H is for Herbs today as part of the A to Z Challenge. At some point everyone has run into a herb or two. You may have even grown a few, on your windowsill, in pots or in a garden.
Basil, Thyme, Sage are all commonly seen in gardens and on store shelves, but if you're like me you'd like something a bit out of the ordinary for your garden.
Here are few ideas for you next seed order:
Hyssop has many uses, bees love the lavender colored flowers and the honey that they produce from it will be aromatic. It is historically used in medicines as an expectorant and in cooking in small amounts usually as an aromatic since it can be very bitter. It has a woody stem and pink or blue flowers.
Lovage is a large plant that can grow to over 6 feet, has lots of dark green leaves, yellow flowers in the fall and it smells and tastes like celery. Every part of the pant can be used, roots, stems and seeds. It dries well for off season use.
Bee Balm flowers are showy and bright, they attract not only bees but humming birds and butterflies also. Be sure to plant these in an area that you can see easily so you won't miss the show! It grows best in full sun. The flowers are edible and the leaves are minty when used in teas.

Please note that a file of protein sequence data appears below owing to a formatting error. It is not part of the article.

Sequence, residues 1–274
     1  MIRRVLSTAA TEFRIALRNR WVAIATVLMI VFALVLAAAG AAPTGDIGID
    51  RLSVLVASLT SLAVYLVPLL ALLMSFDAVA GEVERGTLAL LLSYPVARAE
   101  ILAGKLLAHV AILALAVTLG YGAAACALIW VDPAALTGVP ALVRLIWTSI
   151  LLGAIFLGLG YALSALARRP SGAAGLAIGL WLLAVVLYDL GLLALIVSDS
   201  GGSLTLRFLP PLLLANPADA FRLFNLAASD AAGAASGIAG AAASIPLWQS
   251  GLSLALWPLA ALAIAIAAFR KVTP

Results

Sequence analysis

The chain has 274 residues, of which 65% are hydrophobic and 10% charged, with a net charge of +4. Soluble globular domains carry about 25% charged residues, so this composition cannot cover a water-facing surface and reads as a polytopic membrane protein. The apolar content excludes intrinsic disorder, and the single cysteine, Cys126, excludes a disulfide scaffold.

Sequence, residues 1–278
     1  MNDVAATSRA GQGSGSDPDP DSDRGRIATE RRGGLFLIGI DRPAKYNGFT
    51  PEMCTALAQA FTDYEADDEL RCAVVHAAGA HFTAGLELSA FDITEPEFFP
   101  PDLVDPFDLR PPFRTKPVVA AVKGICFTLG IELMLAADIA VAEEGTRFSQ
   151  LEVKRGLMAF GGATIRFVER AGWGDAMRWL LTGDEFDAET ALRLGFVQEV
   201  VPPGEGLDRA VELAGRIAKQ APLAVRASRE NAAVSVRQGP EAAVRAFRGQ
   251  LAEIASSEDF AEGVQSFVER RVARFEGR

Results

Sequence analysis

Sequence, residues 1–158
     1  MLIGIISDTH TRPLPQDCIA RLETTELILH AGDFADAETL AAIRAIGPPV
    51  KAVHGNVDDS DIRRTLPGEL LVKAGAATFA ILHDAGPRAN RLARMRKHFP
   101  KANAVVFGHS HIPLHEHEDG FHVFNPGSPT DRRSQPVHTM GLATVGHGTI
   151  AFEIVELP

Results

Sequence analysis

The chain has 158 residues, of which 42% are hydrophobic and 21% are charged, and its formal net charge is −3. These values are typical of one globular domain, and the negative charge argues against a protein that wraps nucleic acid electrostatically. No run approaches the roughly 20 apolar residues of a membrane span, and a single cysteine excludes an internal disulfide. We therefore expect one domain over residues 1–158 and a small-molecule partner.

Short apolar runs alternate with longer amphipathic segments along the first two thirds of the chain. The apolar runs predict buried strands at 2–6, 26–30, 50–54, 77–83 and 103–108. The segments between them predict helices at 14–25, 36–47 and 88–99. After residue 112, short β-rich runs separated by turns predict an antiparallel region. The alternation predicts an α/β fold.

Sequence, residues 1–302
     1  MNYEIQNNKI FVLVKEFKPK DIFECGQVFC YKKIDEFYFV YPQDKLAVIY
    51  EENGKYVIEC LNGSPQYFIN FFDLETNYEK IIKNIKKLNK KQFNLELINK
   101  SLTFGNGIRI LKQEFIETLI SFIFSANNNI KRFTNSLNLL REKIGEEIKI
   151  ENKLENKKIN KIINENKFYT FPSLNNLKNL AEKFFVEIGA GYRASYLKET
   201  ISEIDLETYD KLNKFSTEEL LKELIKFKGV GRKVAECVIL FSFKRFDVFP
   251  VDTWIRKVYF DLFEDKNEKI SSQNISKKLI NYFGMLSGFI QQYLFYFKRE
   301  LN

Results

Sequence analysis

Borage is one of the herbs along with Basil that we plant with our tomatoes. I have been told that they help repel bugs especially horn worms. The beautiful blue star shaped blooms are a big bee attractant too. It can grow into a large plant and if you plan on using it for edibles, it has a cucumber type flavor, pinch off flowers and leaves while young, older plants can become prickly.
Sorrel is a great addition to your garden since it is perennial. It has a leaf that reminds me of lettuce and grows in the same bunch plant shape. The leaves have a lemony flavor and we use it in salads as well as smoothies.
Comfrey is another perennial for your garden. It is a beneficial plant for bees, and gardens. Bees love the multitude of flowers it produces. It is a plan that pulls a lot of nutrients from the soil but the benefit is that then it's leaves which are full of those nutrients breakdown quickly into s sludge. So therefore the leaves are good for composts or compost teas. It has been shown to be a good companion plant for trees and berry bushes because of it's ability to draw nutrients from deep with in the soil. It is not a plant that can be eaten but it does have some use as an anti-inflammatory when used topically.
I'll finish my list with Rosemary, while not an usual herb it is nice since it is an evergreen, They can grow to a large size and we cut the larger stems and soak them in water so they can be used for skewers for Kebabs. We also use them with fruit to make a savory jam, such as our Strawberry Rhubarb Rosemary.
I hope something on this list sparks a desire to plant herbs or any other plant in your garden or window sill this spring. Tomorrow I'll be using my "I" to talk about something every garden of any size must have.